Exploit This

Security News, Exploits, and Vulnerabilities.

Dissecting the Chrome Extension Facebook malware

The Facebook malware that spread last week was dissected in a collaboration with Kaspersky Lab and Detectify. We were able to get help from the involved companies and cloud services to quickly shut down parts of the attack to mitigate it as fast as possible.

New multi platform malware/adware spreading via Facebook Messenger

One good thing about having a lot of Facebook friends is that you simply act as a honey pot when your friends click on malicious things. A few days ago I got a message on Facebook from a person I very rarely speak to, and I knew that something fishy was going on.

Two Tickets as Bait

Over the previous weekend, social networks were hit with a wave of posts that falsely claimed that major airlines were giving away tickets for free. Users from all over the world became involved in this: they published posts that mentioned Emirates, Air France, Aeroflot, S7 Airline, Eva Air, Turkish Airlines, Air Asia, Air India, and other companies.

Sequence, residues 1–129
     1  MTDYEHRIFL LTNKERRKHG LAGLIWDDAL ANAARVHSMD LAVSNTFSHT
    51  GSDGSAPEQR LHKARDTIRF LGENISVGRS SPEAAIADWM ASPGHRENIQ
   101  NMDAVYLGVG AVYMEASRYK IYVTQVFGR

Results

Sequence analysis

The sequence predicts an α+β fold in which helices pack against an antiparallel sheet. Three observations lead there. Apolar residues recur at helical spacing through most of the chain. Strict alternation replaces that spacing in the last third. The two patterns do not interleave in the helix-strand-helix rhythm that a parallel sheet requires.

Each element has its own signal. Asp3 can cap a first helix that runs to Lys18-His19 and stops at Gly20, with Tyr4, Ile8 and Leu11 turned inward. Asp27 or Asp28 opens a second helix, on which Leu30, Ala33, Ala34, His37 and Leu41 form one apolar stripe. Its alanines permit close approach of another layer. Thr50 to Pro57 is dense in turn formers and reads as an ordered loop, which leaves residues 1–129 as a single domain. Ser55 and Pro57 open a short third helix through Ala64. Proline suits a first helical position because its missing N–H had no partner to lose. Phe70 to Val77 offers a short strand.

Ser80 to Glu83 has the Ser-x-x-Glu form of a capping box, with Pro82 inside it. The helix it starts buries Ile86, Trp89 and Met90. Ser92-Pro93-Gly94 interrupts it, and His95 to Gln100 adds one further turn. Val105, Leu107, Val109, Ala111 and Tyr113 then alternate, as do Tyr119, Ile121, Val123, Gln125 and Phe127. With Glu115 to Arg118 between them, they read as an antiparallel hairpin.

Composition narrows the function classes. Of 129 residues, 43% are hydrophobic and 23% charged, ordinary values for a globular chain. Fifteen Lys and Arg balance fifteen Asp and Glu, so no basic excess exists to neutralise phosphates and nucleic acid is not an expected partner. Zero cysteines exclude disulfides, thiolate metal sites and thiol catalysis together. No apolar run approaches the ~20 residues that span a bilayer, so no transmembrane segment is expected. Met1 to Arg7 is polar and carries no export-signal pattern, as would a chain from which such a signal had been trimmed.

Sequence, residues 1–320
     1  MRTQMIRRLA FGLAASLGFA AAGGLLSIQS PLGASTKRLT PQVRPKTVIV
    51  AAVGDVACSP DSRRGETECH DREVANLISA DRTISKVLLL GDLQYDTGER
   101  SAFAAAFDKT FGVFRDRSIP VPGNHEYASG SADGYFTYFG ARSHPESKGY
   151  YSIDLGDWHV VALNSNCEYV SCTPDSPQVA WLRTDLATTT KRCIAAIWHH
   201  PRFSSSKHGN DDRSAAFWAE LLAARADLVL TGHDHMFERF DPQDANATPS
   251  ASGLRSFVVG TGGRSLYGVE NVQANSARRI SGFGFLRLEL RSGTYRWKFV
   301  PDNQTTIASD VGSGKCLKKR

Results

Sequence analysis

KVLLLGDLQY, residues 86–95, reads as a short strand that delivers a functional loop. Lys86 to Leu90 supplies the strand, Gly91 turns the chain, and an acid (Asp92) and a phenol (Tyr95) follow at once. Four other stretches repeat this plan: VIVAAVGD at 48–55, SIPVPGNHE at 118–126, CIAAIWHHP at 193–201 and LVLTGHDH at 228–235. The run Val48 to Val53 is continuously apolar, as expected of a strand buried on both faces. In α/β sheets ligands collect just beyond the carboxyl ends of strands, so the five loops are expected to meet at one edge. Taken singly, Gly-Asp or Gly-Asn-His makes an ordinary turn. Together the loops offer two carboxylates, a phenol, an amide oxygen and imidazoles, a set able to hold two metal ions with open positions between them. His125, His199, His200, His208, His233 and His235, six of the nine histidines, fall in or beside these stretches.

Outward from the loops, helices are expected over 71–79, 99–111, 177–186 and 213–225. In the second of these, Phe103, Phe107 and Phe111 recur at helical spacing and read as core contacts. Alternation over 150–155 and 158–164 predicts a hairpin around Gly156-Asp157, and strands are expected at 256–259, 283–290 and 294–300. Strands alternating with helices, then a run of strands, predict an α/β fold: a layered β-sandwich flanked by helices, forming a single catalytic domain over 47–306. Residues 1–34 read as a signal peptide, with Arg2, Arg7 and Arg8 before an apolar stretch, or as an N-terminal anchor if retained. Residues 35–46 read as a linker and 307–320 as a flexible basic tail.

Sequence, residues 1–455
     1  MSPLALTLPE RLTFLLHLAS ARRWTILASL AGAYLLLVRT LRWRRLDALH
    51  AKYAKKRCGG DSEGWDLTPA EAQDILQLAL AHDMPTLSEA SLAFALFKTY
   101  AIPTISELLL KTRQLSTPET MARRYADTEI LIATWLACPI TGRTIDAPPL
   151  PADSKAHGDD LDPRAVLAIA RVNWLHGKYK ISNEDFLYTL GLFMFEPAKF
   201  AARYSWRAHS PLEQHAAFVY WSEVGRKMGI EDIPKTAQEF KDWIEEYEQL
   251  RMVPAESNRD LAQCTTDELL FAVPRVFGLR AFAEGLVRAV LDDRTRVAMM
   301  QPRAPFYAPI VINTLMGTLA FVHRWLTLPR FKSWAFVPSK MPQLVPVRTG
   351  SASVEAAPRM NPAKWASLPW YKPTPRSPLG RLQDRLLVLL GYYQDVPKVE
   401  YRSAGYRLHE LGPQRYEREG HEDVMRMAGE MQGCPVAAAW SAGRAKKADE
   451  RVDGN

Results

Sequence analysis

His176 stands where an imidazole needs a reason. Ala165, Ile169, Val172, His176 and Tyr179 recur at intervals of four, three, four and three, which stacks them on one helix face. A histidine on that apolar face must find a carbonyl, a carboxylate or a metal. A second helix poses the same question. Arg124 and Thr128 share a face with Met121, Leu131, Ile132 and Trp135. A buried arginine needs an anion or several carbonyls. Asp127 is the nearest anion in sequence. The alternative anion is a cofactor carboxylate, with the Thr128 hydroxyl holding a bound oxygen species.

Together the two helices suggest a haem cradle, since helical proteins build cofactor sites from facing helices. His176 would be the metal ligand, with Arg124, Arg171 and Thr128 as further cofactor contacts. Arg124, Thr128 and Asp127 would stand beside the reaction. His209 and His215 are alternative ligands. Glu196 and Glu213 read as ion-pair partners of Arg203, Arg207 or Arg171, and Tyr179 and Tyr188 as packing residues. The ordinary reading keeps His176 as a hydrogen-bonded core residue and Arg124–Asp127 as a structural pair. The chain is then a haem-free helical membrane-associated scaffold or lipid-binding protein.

Kaspersky Security Bulletin. Predictions for 2017

Yet another year has flown past and, as far as notable infosec happenings are concerned, this is one for the history books. Drama, intrigue and exploits have plagued 2016 and, as we take stock of some of the more noteworthy stories, we once again cast our gaze forward to glean the shapes of the 2017 threat landscape.

‘Adult’ video for Facebook users

In April of this year, we registered some mass attacks on Facebook users in Russia. As a result, many Russian-speaking users of the social network fell victim to fraudsters. Half a year later the fraudsters have used the same tactics to attack Facebook users in Europe.

Who viewed you Instagram account? And who stole your password?

Mobile applications have become one of the most efficient attack vectors, and one of the favorite methods of cybercriminals is the abuse of popular applications.

Social Networks – A Bonanza for Cybercriminals

Security experts have for years reiterated: cybercriminals can make use of any information that you publish about yourself on a social network. However, a huge amount of users still continue to share news and a plethora of personal information with their virtual friends as well as incidental onlookers. This may lead to unpleasant and, at times, unforeseen consequences.

Kaspersky researchers warns Linkedin from potential spear phishing

On November 14, 2014, security researchers from Kaspersky Lab warned LinkedIn, the world’s largest business-oriented social network, about a security issue that could pose a major threat to its 360+ million users. Because LinkedIn attracts so many people in the… Read Full Article

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